Days after the U.S. Conference of Mayors passed a resolution opposing the payment of ransoms by cities following a ransomware attack La Porte County’s government has done the opposite after its files were encrypted. According to WSBT-TV, the municipality has paid a Bitcoin ransom worth approximately $130,000 to cyber attackers who encrypted its files.
At the current prices, this translates to about 11.3 Bitcoin. La Porte County will pay $30,000 while its insurer will pay the bulk of the ransom. The cybersecurity insurance policy was reportedly authorized last year.
FBI’s decryption software fails the test
The decision to pay the Bitcoin ransom was made after leaders of the municipality consulted FBI’s cyber experts and determined that the Bureau’s decryption software could not unlock the encrypted data.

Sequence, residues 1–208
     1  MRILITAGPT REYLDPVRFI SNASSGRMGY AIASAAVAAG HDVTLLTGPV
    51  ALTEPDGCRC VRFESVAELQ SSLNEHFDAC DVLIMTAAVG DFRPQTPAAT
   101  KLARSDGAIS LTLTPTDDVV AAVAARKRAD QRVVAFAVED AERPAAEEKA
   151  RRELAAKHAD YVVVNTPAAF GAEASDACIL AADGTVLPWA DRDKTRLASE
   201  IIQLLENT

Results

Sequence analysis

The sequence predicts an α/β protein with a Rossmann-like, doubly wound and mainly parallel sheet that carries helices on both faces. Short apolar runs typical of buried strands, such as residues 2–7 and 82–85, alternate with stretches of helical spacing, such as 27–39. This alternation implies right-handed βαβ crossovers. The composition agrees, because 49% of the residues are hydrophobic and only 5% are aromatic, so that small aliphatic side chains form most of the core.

The cyberattack occurred on July 6th and disabled the municipality’s computer network, website and email systems. The malware was identified as the Ryuk ransomware. According to malware support firm Coveware, Ryuk was the third-largest ransomware by market share in the first quarter of 2019 behind Dharma and GandCrab.
That the cyber attackers unleashed Ryuk ransomware on La Porte is in line with trends already established. According to the FBI, the Ryuk has had a ‘disproportionate impact’ on among others ‘small municipalities’.
Did La Porte do the right thing by paying the Bitcoin ransom?
La Porte’s decision to pay the ransom is similar to the action taken by Florida’s Riviera Beach City which forked out around 65 Bitcoins. However, FBI has strongly discouraged this in the past claiming that it is rewarding criminal behavior and that cybercriminals can’t be trusted to keep their end of the bargain:
The FBI does not encourage paying a ransom to criminal actors. Paying a ransom may embolden adversaries to target additional organizations, encourage other criminal actors to engage in the distribution of…